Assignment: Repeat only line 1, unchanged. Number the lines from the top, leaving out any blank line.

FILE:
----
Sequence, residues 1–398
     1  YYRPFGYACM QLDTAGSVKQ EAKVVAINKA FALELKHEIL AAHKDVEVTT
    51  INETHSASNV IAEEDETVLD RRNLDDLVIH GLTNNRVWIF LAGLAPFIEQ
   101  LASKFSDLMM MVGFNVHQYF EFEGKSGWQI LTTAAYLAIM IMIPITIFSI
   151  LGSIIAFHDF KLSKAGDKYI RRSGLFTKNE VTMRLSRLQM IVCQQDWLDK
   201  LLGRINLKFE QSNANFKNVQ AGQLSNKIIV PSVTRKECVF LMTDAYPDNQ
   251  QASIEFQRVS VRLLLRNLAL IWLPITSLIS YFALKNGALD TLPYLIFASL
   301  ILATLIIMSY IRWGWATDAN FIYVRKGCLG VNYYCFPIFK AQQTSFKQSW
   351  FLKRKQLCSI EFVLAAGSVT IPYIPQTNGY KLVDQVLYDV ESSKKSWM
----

Sequence, residues 1–398